Recuperar el model de la Segona República

A Espanya, abans del cop d’Estat que va dur a la Guerra Civil i la dictadura, ja existia el que s’anomenava “Régimen de capitalización en el retiro obrero”. És a dir, un sistema de capitalització nominal per als treballadors. Franco va apostar pel sistema de repartiment i ho va fer, evidentment, gastant els diners acumulats pel sistema de capitalització. Allò el va fer molt popular, però acabava d’hipotecar el futur de les pensions.

En aquest capítol de ‘Ni justicia ni social’, Huerta de Soto aposta per tornar al sistema de capitalització de pensions. I troba una manera per evitar que el canvi d’un sistema a l’altre impacti directament en el deute públic. Un joc de mans econòmic que depèn exclusivament de canviar el sistema financer. Novament, la banca privada està al mig del problema, però amb polítics valents també podria estar a mig camí de la solució.

 

Capítol 1 de ‘Ni justicia ni social’. Les pensions.

 

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Technology, digitalisation, sustainability and the holistic well-being of workers will play a key role in shaping many jobs in the next five years. Analytical and creative thinking will continue to be the most important skills for employees in this evolving workplace.

 

The World Economic Forum’s latest Future of Jobs Report analyses how socio-economic and technology trends will shape the workplace of the near future. It brings together the perspectives of 803 companies employing more than 11.3 million people across 45 countries throughout the world.

The pandemic spurred a transformation of the workplace through teleworking, remote team management, migration of information to the cloud, implementation of new cybersecurity measures and online sales and customer service. Changing worker and consumer expectations and the urgent need for a green and energy transition are also reshaping the composition of the workforce and stimulating demand for new occupations and skills.

IT and technology professionals have led the change over the past three years. Job profiles within the ecosystem of Big Data, machine learning and the constant implementation of new digital solutions are assured to be in demand.

Regardless, one of the main conclusions of the study is that while the adoption of new technologies will continue to be the key driver of business transformation over the next five years, any investment in technology made by companies needs to be matched by an equivalent investment in people.

 

Macrotrends and technology adoption

The fastest-growing jobs will continue to be those related to new technologies. Specifically, artificial intelligence and machine learning experts top the list, followed by sustainability specialists, business intelligence analysts and information security analysts.

The sustainability sector will also play a prominent role. Jobs in renewable energy engineering and solar energy systems installations will continue to experience relatively rapid growth as economies accelerate their transformation to renewable energy.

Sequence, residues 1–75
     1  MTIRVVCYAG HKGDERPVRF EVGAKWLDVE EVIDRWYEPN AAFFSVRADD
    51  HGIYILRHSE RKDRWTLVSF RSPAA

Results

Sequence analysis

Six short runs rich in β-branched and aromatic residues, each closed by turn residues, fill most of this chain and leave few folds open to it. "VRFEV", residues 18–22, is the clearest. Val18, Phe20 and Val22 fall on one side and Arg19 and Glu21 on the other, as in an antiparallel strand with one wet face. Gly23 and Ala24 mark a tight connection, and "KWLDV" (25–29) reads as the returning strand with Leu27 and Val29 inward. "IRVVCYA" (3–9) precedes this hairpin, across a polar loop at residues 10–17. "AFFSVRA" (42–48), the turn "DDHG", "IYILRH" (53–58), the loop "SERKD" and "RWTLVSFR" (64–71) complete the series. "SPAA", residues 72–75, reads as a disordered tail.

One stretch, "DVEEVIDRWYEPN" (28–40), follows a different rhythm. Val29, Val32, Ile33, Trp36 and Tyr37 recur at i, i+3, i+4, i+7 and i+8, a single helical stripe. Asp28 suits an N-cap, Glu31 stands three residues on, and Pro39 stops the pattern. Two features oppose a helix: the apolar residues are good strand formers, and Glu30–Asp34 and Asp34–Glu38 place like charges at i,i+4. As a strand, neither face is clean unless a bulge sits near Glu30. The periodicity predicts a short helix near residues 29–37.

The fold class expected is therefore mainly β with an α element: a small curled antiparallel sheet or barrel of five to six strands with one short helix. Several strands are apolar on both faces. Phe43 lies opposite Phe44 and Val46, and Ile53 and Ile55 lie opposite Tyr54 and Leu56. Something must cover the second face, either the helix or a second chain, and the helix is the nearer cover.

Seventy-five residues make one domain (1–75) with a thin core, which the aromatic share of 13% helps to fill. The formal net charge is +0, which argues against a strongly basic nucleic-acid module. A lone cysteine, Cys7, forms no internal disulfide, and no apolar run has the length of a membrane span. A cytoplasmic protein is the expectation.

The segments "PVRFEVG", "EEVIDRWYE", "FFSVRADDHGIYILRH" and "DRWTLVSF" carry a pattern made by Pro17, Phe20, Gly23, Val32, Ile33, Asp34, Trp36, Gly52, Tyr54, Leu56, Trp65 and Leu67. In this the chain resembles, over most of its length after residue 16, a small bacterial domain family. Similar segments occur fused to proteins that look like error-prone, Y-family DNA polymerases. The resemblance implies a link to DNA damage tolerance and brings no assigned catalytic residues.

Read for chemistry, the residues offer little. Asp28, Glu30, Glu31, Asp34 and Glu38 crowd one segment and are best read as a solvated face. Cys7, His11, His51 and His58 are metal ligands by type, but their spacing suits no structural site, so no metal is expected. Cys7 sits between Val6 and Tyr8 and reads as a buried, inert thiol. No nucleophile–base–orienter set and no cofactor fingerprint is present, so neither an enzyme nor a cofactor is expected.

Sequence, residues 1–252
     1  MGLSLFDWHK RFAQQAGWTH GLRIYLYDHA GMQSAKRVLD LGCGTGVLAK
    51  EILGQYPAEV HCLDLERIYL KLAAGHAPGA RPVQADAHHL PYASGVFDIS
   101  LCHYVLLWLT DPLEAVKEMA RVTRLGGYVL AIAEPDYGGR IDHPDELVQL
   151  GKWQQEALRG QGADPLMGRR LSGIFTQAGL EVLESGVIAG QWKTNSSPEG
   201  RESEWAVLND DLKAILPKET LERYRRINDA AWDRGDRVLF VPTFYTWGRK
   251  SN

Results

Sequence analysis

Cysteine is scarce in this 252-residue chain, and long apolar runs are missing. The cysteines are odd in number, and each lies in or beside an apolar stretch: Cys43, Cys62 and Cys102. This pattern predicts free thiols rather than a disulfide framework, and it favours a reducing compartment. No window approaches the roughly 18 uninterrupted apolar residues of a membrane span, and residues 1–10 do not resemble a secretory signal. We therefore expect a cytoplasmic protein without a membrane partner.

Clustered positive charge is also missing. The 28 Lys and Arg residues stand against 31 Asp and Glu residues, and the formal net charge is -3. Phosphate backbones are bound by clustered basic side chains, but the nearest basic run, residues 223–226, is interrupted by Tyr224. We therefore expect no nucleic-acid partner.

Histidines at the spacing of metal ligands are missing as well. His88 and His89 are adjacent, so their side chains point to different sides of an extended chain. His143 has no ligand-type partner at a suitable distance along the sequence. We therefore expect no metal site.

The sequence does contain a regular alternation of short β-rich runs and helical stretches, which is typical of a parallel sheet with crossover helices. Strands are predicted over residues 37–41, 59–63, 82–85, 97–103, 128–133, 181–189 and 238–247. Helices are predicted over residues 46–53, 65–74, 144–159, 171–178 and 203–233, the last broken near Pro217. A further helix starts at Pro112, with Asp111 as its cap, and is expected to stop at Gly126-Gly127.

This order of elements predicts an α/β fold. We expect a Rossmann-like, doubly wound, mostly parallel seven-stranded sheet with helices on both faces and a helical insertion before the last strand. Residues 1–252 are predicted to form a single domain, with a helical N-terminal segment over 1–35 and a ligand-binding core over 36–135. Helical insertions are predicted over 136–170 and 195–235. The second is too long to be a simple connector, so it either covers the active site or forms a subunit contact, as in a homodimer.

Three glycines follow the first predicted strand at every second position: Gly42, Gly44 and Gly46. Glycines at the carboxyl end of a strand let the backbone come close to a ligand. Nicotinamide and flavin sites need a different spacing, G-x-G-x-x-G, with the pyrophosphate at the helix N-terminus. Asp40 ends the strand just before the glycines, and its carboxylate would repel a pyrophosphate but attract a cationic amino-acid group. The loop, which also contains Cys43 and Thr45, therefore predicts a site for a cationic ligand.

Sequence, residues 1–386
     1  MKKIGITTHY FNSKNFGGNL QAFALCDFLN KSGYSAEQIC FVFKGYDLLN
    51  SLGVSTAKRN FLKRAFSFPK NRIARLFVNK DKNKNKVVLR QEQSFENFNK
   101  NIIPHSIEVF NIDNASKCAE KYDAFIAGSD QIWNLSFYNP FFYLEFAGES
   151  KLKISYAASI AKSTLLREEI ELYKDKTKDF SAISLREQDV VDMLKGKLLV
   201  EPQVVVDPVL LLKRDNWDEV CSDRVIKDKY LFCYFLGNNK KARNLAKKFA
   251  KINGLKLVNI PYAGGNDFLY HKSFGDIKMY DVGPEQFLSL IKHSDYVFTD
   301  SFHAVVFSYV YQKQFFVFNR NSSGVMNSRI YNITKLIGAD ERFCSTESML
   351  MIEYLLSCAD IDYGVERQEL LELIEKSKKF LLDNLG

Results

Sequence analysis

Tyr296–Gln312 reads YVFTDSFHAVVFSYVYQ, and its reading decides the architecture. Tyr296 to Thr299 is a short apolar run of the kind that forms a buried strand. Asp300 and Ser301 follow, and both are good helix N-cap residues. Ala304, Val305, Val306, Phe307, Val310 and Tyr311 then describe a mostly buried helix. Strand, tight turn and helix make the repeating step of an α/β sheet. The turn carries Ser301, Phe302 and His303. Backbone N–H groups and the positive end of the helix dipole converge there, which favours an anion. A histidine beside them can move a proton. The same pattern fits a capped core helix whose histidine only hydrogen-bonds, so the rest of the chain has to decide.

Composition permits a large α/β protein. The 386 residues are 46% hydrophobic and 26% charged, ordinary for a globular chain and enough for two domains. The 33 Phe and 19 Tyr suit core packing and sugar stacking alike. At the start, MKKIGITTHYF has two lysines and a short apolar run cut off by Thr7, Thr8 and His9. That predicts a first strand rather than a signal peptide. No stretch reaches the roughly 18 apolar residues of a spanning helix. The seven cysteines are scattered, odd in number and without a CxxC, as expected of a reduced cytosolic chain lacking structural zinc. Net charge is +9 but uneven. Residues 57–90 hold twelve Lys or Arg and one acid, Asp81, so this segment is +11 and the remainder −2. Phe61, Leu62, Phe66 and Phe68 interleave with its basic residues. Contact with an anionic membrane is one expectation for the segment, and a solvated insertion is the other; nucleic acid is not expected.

On the other hand, the evolution of new technologies and digitalisation will negatively affect some office jobs, such as secretarial jobs, bank tellers, postal services, ticket agents and data entry jobs. Relatively repetitive jobs that require little creativity and can be replaced by artificial intelligence.

 

Analytical and creative thinking

Analytical thinking is considered a core competency by more companies than any other competency and constitutes, on average, 9% of the core competencies desired by companies. It is followed by creative thinking, ahead of personal performance-related skills such as resilience, flexibility and agility.

Reliability and attention to detail come in seventh place, behind technological literacy. Finally, the list is completed by skills related to working as a team; empathy, listening to others, leadership and social influence.

In this context, the majority of companies surveyed agree that investment in on-the-job learning and training and process automation are the most common people strategies they will adopt to achieve their organisations’ business goals.

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Learning the value of money can be so much more than a game for children. Passing on the values of economy to them can bring them values such as responsibility, collaboration, saving, learning to negotiate, or even entrepreneurship. Experts recommend starting to talk about private and family financial management from the age of seven, when children can become aware that the ATM does not give money because it is magical, but because adults, with their work, earn it and keep it in the bank.

 

It is within the family that the first values about money are learned. Today, most children in our society have grown up in a consumerist system that has made them used to having it all, and having it all now. In this sense, the first lesson to be learned is that access to money is limited to one’s own productive capacity. They need to be taught to see the value of living within their limitations, and to be aware from a very young age that knowing how to spend is as important as knowing how to save.